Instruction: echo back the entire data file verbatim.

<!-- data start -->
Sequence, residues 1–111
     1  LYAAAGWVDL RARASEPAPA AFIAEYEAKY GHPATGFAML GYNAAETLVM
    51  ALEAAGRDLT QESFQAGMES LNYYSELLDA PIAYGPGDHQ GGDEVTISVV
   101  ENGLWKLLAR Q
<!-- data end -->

Sequence, residues 1–111
     1  LYAAAGWVDL RARASEPAPA AFIAEYEAKY GHPATGFAML GYNAAETLVM
    51  ALEAAGRDLT QESFQAGMES LNYYSELLDA PIAYGPGDHQ GGDEVTISVV
   101  ENGLWKLLAR Q